Are crop and detailed physiological models equally ‘mechanistic’ for predicting the genetic variability of whole-plant behaviour? The nexus between mechanisms and adaptive strategies

Tardieu F, Granato ISC, Van Oosterom EJ, Parent B, and Hammer G L

in silico Plants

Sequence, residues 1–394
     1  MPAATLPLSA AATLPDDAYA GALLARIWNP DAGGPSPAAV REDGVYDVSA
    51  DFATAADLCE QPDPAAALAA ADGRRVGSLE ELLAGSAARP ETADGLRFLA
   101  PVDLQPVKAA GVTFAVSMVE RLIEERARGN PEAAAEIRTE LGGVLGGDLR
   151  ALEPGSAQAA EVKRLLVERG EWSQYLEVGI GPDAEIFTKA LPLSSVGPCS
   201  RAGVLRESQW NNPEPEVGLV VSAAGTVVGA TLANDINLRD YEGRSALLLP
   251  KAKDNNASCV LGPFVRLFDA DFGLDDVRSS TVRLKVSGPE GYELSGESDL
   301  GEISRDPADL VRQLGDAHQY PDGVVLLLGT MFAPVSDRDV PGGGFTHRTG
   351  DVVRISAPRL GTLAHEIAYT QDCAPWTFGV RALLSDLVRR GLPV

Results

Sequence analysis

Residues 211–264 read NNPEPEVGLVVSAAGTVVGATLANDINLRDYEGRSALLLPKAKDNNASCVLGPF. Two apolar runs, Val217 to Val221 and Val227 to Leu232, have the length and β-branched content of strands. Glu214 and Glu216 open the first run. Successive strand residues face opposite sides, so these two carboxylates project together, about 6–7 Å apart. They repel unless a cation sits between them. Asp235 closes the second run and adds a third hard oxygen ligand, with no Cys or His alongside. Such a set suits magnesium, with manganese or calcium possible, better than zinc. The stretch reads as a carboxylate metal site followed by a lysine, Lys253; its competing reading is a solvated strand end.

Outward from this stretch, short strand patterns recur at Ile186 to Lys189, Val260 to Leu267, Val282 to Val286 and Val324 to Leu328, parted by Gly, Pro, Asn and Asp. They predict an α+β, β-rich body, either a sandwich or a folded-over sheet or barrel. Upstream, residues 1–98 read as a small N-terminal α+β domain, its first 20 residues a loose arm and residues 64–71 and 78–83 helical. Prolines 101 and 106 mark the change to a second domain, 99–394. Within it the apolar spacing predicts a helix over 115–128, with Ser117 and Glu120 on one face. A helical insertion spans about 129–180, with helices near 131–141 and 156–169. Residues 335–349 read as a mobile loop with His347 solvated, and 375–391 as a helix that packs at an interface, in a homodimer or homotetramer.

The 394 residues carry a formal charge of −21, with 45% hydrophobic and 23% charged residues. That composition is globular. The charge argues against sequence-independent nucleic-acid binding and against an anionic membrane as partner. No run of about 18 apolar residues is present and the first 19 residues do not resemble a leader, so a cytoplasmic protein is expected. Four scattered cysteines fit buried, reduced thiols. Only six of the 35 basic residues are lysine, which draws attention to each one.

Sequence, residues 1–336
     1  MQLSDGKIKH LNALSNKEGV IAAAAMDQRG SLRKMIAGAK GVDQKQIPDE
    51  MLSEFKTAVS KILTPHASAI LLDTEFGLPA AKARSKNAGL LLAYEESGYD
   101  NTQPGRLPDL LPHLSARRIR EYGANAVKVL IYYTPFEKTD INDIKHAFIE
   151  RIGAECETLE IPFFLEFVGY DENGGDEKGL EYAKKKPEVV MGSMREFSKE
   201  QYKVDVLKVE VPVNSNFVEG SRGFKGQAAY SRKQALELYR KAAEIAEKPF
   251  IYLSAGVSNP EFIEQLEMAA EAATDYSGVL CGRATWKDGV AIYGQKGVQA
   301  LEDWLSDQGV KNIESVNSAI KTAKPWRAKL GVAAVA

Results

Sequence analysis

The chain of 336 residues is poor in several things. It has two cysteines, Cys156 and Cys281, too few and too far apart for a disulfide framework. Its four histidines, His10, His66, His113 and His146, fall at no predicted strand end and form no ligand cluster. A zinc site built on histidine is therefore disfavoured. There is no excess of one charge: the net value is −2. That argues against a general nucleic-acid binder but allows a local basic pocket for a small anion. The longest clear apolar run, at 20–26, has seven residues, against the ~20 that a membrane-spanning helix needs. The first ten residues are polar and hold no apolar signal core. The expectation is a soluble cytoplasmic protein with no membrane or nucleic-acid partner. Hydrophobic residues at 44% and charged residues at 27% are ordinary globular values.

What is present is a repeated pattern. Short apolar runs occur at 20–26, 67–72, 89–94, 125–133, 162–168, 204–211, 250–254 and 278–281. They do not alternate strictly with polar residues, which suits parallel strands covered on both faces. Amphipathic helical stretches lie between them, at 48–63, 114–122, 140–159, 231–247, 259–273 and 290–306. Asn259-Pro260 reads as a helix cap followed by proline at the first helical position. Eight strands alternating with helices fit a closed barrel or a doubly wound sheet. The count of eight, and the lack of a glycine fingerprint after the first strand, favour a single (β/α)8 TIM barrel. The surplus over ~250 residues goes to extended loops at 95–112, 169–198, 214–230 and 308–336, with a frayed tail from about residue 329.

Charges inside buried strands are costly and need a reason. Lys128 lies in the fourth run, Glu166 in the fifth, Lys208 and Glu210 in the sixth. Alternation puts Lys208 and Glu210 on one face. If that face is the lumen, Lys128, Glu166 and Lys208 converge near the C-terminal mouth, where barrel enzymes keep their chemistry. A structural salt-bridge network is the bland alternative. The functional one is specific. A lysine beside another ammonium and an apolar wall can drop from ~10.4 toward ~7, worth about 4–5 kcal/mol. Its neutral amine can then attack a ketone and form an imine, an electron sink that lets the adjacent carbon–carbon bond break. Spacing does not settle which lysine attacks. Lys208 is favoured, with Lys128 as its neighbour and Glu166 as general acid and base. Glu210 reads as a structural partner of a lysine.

Tailoring genotypes for the variety of environmental scenarios associated with climate change requires modelling of the genetic variability of adaptation mechanisms to environmental cues. A large number of physiological mechanisms have been described and modelled, e.g. at transcript, metabolic or hormonal levels, but they remain to be assembled into whole-plant and canopy models. A ‘bottom-up’ approach combining physiological mechanisms leads to a near-infinite number of combinations and to an unmanageable number of parameters, so more parsimonious approaches are required. We propose that natural selection has constrained the large diversity of mechanisms into consistent strategies, in such a way that not all combinations of mechanisms are possible. These constraints, and resulting feedbacks, result in integrative ‘meta-mechanisms’, e.g. response curves of traits to environmental conditions, measurable via high-throughput phenotyping, and resulting in robust and stable equations with heritable genotype-dependent parameters. Examples are provided for the responses of developmental traits to temperature, for the response of growth and yield to water deficit and evaporative demand, and for the response of tillering to light and temperature. In these examples, it was inoperative to combine upstream mechanisms into whole-plant mechanisms, whereas the evolutionary constraints on the combinations of physiological mechanisms render possible the use of genotype-specific response curves at plant or canopy levels. These can be used for a new generation of crop models capable of simulating the behaviour of thousands of genotypes. This has significant consequences for plant modelling and its use in genetics and breeding.